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What is the Prefrontal Cortex?

Michael Anissimov
By
Updated Mar 03, 2024
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The prefrontal cortex (PFC) is located in the very front of the brain, just behind the forehead. In charge of abstract thinking and thought analysis, it is also responsible for regulating behavior. This includes mediating conflicting thoughts, making choices between right and wrong, and predicting the probable outcomes of actions or events. This brain area also governs social control, such as suppressing emotional or sexual urges. Since the prefrontal cortex is the brain center responsible for taking in data through the body's senses and deciding on actions, it is most strongly implicated in human qualities like consciousness, general intelligence, and personality.

PFC Function

This vital region of the brain regulates thought in terms of both short-term and long-term decision making. It allows humans to plan ahead and create strategies, and also to adjust actions or reactions in changing situations. Additionally, the PFC helps to focus thoughts, which enables people to pay attention, learn, and concentrate on goals. This area is also the part of the brain that allows humans to consider several different yet related lines of thinking when learning or evaluating complex concepts or tasks. The prefrontal cortex also houses active, working memory.

Since the PFC controls intense emotions and impulses, it is sometimes referred to as the seat of good judgment. As such, a properly functioning prefrontal cortex inhibits inappropriate behaviors — including delaying gratification of needs, for things like food or sex — while encouraging wise, acceptable choices. In part, this occurs because it works to allow humans to balance immediate reward with long-term goals.

Brain Development

The prefrontal cortex has remarkably expanded in size throughout human evolution, culminating in modern Homo sapiens. This suggests a strong selection pressure in favor of its continued growth and development. The size of the PFC relative to the rest of the brain has also increased over that time; while the brain itself has only increased in size about threefold in the past five million years, the size of the PFC has increased sixfold.

Medical studies have shown that the PFC is the last section of the brain to mature. In other words, while all other brain regions are fully developed early in life, its development is not complete until around age 25. Magnetic resonance imaging (MRI) research has revealed that the prefrontal cortex changes a great deal during adolescence, as the brain's myelin matures and connects all regions of the brain together. This late growth and development is likely the reason that some otherwise intelligent and sensible teens engage in high-risk or excessive behaviors even though they understand the potential dangers.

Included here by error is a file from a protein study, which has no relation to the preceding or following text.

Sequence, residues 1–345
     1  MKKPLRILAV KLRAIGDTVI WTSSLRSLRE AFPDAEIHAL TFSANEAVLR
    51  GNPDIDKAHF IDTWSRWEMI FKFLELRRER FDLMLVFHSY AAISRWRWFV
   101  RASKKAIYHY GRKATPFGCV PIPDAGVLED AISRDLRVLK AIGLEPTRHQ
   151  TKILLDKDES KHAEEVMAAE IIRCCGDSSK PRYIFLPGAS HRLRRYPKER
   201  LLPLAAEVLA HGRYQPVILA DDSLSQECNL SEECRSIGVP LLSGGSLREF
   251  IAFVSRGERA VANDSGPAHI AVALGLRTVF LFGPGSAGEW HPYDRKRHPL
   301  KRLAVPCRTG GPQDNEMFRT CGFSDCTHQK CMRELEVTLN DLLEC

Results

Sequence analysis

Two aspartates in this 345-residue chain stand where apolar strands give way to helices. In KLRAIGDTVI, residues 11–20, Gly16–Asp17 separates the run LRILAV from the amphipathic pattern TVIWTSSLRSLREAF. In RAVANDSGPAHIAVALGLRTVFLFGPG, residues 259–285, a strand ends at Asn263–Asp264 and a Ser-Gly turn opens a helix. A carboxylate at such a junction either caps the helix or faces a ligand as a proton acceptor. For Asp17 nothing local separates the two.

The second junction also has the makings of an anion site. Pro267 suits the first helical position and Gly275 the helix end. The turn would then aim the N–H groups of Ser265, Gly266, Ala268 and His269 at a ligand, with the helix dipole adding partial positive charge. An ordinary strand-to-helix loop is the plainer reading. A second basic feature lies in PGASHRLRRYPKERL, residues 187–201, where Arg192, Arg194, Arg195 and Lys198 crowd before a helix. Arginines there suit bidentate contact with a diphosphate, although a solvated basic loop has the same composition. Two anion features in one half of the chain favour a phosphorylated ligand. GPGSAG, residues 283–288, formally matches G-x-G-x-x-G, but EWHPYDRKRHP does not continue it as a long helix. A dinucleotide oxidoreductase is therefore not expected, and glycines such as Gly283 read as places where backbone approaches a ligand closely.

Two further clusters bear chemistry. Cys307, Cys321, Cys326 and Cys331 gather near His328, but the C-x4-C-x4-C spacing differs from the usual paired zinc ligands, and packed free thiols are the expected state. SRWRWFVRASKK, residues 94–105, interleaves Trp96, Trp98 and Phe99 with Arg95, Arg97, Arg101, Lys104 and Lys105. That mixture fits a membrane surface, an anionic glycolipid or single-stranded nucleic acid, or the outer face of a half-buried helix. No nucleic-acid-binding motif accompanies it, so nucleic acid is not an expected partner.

Damage to the PFC

Unfortunately, the PFC is one of the brain regions most susceptible to injury. When the pathways between the prefrontal cortex and the rest of the brain are damaged or altered, serious personality changes can result. This is logical, since the PFC regulates so many behavior and thought-processing pathways, but can be debilitating and difficult for the injured individual as well as his family and social circle. A person who had been reserved and contemplative can become reckless and impulsive after such an injury. Likewise, a formerly outgoing person can become quiet and withdrawn.

A damaged PFC can negatively impact a person's ability to assess situations or perform tasks, particularly those of a moral or ethical nature. Since social judgements are made in this brain area, these people can also be rendered unable to discern appropriate behavior or suffer from emotional distress, such as irrational fears, anxiety, euphoria, and irritability. Some studies have found weak interconnections between the PFC and the rest of the brain among criminals, sociopaths, drug addicts, and schizophrenics, which may be further evidence of the importance of this part of the brain in individual behavior and decision-making.

The Health Board is dedicated to providing accurate and trustworthy information. We carefully select reputable sources and employ a rigorous fact-checking process to maintain the highest standards. To learn more about our commitment to accuracy, read our editorial process.